Metro Vice-President Andy Skabowski says in a worst-case scenario they would pull cars off the current Red Line.
"So in this case it would require us to pull ten cars away from the Red Line, and the negative impact is a capacity impact, and not a headway impact. So the capacity impact on the Red Line would be the use of ten single car trains, or every second car would be a single-car train."
The East End and Southeast Lines are set to open this fall. CAF USA says it will give Metro a revised delivery schedule for the cars next month.
Original story: Jan. 10, 2014
Metro says the company that's building cars for Houston's new light rail lines has agreed to fix problems and speed up production. The agency is concerned about having enough cars to operate the lines when they open later this year.
Metro sent a letter to CAF USA December 30. The company is building 39 cars for Metro at its plant in Elmira, New York.
There's a September deadline to get the new cars, and Metro officials say the only car they've received so far exceeded weight specifications and failed a water leak test.
CAF's top executive responded by coming to Houston to meet with Metro officials. Metro Interim CEO Tom Lambert says CAF has now agreed to bring on extra workers to put production on the fast track.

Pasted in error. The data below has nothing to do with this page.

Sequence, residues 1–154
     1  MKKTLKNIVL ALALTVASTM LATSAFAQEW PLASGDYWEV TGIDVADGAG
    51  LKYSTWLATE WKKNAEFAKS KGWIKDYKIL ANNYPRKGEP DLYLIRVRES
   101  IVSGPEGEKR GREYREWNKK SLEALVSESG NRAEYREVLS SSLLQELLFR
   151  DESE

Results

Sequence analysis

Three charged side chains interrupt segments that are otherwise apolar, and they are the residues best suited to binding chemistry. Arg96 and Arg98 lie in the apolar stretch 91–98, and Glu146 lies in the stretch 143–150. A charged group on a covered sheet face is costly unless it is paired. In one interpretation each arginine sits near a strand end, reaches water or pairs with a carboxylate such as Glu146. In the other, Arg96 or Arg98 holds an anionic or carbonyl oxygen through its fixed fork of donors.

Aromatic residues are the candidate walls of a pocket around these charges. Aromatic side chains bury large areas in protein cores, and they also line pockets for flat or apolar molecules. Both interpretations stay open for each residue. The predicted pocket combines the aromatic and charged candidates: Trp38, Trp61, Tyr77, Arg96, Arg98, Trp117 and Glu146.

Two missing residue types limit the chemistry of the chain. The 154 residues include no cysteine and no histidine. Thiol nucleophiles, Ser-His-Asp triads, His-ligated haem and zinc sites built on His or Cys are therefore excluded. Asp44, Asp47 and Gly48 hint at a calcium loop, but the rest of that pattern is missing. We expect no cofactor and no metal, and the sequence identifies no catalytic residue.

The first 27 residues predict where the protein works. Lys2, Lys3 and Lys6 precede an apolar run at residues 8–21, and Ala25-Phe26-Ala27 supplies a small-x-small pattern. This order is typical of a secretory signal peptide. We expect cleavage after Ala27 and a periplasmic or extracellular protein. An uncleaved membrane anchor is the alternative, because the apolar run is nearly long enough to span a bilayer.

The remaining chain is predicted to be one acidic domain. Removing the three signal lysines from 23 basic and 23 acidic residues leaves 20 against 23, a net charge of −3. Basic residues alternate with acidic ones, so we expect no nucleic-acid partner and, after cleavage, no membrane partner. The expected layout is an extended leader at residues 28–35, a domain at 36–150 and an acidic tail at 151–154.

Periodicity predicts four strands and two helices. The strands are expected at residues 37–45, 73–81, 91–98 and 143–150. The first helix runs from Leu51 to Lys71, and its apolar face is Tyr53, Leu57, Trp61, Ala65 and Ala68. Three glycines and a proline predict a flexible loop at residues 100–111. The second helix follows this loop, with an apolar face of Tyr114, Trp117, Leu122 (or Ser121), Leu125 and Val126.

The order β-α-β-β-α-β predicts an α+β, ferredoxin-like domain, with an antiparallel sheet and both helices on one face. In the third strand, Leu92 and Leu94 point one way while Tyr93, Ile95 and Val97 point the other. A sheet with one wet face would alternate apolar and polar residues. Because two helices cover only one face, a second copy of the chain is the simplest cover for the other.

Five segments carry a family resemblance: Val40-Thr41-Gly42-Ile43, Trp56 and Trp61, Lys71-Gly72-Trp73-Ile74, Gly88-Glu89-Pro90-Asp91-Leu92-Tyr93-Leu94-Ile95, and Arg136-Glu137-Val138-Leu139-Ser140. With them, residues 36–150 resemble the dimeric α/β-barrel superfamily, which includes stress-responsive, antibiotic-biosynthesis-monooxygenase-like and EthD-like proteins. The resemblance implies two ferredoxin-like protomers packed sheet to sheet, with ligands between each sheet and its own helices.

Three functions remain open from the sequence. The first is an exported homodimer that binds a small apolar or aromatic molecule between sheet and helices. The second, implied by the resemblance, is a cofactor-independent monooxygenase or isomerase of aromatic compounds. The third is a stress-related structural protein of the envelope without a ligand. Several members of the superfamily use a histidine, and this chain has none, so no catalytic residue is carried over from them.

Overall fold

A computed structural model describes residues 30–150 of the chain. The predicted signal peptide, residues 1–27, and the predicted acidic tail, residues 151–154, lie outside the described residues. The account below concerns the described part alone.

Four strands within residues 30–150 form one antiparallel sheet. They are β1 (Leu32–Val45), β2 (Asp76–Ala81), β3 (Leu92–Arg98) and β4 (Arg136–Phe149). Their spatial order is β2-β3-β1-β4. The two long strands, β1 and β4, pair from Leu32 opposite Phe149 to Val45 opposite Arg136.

"The focus now is they've fixed the design issues for the water leaks that we've had. We're confident that solution is going to be implemented within ten days. We're confident that then will accelerate the things we need to do on the prototype vehicles."
Metro hopes to start up the lines this fall, but will there be enough cars to provide adequate service?
Lambert says CAF has agreed to give Metro a revised delivery schedule by the middle of next month.
"We also have 37 cars that are in operation today, so we will look at all of our service alternatives as the new East End and Southeast lines become operational."
Metro will discuss the issue at a special meeting on Wednesday.